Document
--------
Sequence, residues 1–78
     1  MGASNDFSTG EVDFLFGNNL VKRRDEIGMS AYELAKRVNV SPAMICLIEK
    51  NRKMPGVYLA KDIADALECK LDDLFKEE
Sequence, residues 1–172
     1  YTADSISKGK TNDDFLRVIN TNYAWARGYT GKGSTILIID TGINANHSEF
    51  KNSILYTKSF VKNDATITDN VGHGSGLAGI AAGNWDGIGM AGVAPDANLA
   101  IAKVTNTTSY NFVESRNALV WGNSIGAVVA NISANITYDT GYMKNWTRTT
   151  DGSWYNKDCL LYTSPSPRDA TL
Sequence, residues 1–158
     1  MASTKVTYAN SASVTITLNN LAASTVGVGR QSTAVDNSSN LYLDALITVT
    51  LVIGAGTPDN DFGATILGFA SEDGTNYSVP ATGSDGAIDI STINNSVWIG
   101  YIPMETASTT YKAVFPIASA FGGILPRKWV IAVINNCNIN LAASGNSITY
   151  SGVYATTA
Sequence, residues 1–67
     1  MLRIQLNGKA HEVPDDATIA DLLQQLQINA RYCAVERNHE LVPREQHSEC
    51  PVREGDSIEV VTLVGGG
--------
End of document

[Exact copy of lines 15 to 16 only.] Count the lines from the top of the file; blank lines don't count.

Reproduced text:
     1  MLRIQLNGKA HEVPDDATIA DLLQQLQINA RYCAVERNHE LVPREQHSEC
    51  PVREGDSIEV VTLVGGG